The Tramp lives as a vagrant on the streets but he is spiritually awakened at a church/nonprofit organization by a young woman. He gets a job working on Easy Street and gets into scuffles with a local bully. In the end, he restores peace and order to Easy Street. A new Mission nonprofit church is built in the end.

#11 The Immigrant
The film opens with The Tramp aboard a boat, leaning over the edge catching fish and frolicking around the rocking boat. He meets an attractive woman as they sail past the Statue of Liberty. Upon arrival he loses a coin, and desperately searches for it only for an artist to offer to pay for his meal with the girl, but he politely declines, only to steal the artist’s tip to pay for his own meal. He travels to get his marriage license, carrying the girl in protest.

Les Vampires (1915-1916) Review

Les Vampires (1915-1916) Director: Louis Feuillade


Les Vampires is a series of French short serials that were released in the early days of pioneer film-making. They are silent episodic films (10 episodes in total) which last over 400 minutes long. Curiously enough, the episodes are not about actual vampires, but instead they are about a gang of evil people –they are a cult of criminals, not the living un-dead. The series has often been compared to the Perils of Pauline, a well-known American silent film serial at the time.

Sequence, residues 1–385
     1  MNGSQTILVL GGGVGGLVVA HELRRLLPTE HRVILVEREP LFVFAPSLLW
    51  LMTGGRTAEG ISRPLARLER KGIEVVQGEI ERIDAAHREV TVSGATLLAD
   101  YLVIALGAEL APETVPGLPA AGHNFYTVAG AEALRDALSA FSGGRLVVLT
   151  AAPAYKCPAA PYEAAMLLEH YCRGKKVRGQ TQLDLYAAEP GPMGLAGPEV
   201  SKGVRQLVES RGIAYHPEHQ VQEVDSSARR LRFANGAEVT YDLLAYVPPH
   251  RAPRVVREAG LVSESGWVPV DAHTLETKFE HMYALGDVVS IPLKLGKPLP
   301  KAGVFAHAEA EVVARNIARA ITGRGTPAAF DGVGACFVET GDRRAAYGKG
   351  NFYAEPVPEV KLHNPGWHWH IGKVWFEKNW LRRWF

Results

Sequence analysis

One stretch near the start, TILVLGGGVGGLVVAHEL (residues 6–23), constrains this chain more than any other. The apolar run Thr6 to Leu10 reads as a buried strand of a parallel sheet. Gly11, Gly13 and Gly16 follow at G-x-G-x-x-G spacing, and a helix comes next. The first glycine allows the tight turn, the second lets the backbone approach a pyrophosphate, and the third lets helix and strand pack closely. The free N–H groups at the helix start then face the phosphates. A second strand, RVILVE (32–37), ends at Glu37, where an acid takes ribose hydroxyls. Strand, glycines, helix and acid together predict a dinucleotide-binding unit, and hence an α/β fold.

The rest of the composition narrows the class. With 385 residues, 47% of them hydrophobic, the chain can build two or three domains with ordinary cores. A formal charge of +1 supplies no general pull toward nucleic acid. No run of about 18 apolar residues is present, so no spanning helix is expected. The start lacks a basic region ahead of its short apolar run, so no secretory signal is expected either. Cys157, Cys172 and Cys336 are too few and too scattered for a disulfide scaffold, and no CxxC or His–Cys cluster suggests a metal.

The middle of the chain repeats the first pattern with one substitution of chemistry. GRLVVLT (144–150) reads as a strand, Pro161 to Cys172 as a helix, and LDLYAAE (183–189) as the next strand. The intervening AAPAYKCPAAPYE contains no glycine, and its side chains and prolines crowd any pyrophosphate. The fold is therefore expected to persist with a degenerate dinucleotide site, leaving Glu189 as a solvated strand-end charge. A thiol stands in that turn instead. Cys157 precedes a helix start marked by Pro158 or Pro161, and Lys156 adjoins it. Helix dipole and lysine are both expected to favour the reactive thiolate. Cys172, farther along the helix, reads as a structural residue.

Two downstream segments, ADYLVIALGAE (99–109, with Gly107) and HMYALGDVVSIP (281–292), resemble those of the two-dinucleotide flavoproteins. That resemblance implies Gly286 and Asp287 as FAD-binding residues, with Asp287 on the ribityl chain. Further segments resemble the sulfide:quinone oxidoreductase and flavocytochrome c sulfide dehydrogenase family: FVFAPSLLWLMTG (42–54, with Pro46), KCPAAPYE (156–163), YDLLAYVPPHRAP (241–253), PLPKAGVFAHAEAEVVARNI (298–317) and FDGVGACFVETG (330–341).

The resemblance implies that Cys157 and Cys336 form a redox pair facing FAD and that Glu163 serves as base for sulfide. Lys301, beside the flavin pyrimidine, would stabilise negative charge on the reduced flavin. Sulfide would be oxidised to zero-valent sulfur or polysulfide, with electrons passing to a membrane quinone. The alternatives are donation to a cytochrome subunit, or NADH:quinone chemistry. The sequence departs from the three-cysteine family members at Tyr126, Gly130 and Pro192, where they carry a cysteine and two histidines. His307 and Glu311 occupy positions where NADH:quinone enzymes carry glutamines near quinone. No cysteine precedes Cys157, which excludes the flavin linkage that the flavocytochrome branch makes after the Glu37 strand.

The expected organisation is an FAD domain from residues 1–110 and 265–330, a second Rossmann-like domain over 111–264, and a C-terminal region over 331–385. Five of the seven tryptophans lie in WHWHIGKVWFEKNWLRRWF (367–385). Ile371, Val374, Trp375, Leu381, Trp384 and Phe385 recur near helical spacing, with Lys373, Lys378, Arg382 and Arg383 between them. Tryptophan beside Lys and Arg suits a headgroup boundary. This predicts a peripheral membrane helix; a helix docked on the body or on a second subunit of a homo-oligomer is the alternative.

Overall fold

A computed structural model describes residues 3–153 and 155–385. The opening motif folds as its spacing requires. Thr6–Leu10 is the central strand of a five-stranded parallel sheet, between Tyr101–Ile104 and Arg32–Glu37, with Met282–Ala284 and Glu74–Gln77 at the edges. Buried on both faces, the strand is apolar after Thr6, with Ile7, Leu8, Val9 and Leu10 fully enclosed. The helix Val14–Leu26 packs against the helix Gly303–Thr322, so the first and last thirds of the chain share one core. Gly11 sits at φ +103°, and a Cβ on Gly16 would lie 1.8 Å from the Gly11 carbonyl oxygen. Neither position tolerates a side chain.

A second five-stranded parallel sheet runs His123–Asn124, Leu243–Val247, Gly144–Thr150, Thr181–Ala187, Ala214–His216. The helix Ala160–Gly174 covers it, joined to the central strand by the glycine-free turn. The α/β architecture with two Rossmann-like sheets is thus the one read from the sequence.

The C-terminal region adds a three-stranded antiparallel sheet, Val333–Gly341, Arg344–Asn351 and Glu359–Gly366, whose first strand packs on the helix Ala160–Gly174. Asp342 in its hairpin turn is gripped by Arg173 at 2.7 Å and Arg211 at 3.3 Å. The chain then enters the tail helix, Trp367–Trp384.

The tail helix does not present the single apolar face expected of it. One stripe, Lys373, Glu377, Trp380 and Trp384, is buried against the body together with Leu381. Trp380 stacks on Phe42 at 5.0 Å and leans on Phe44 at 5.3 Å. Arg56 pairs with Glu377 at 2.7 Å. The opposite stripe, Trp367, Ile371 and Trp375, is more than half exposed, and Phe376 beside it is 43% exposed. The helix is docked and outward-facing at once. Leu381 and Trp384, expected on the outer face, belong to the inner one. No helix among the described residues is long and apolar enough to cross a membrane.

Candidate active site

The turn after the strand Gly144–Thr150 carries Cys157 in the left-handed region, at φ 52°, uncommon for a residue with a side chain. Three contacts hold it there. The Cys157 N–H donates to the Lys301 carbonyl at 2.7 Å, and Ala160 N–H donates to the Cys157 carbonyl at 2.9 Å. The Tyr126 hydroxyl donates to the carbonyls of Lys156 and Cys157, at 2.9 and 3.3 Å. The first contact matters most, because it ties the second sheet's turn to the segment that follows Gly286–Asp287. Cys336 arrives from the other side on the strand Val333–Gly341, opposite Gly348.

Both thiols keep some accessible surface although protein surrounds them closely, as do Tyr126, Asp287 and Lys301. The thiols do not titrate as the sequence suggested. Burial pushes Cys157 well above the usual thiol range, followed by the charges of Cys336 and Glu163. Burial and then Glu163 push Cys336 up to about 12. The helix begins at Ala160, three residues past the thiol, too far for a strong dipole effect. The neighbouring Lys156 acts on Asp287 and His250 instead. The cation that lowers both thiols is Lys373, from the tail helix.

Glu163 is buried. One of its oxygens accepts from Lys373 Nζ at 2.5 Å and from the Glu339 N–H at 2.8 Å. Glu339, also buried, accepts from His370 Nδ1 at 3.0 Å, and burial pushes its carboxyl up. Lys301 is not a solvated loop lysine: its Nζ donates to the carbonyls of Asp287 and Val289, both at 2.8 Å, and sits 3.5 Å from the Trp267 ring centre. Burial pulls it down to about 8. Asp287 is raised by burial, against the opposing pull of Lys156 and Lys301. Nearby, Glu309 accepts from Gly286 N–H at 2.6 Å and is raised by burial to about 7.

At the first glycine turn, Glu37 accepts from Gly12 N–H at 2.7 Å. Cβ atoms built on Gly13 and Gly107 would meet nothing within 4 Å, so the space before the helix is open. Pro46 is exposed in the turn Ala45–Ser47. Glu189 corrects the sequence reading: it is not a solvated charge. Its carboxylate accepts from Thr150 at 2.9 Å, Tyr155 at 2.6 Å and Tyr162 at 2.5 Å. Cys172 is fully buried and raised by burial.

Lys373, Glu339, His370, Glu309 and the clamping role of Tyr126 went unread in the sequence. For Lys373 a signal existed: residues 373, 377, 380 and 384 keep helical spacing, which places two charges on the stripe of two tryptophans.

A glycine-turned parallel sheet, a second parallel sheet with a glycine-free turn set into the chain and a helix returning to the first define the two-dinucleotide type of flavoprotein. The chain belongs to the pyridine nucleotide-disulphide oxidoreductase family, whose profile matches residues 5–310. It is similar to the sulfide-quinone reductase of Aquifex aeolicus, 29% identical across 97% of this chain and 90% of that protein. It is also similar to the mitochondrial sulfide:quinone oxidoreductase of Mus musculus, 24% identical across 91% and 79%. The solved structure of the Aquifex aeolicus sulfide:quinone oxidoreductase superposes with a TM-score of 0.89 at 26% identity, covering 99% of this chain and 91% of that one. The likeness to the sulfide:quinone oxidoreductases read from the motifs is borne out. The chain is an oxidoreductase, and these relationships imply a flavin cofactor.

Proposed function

The series tells the story of a reporter who attempts to bring the ‘vampire’ criminal gang to justice as they go about killing people and causing destruction. The band is led by the Grand Vampire, and his trusted associate Irma Vep (a re-ordered spelling of “vampire”). Curiously none of these episodes end on a cliffhanger, as was popular in American cinema at the time.

Feuillade had success with several others silent film series, such as Fantômas, a crime serial or Judex, a French hero serial. The film was shot on location in Paris during WWI and released between 1915-1916.

Admittedly, I only watched the first episode of Les Vampires, “The Severed Head” – a slow-burn story about a reporter who investigates the cult-like activities of a gang as they commit a beheading. The plot structure is chaotic and difficult for the modern viewer to adjust to, as the film was shot on the spot with little script preparation. It is moderately entertaining, but need not be revisited in my view. Interestingly, the series was included in Steven Jay Schneider’s 1,001 Movies You Must See Before You Die.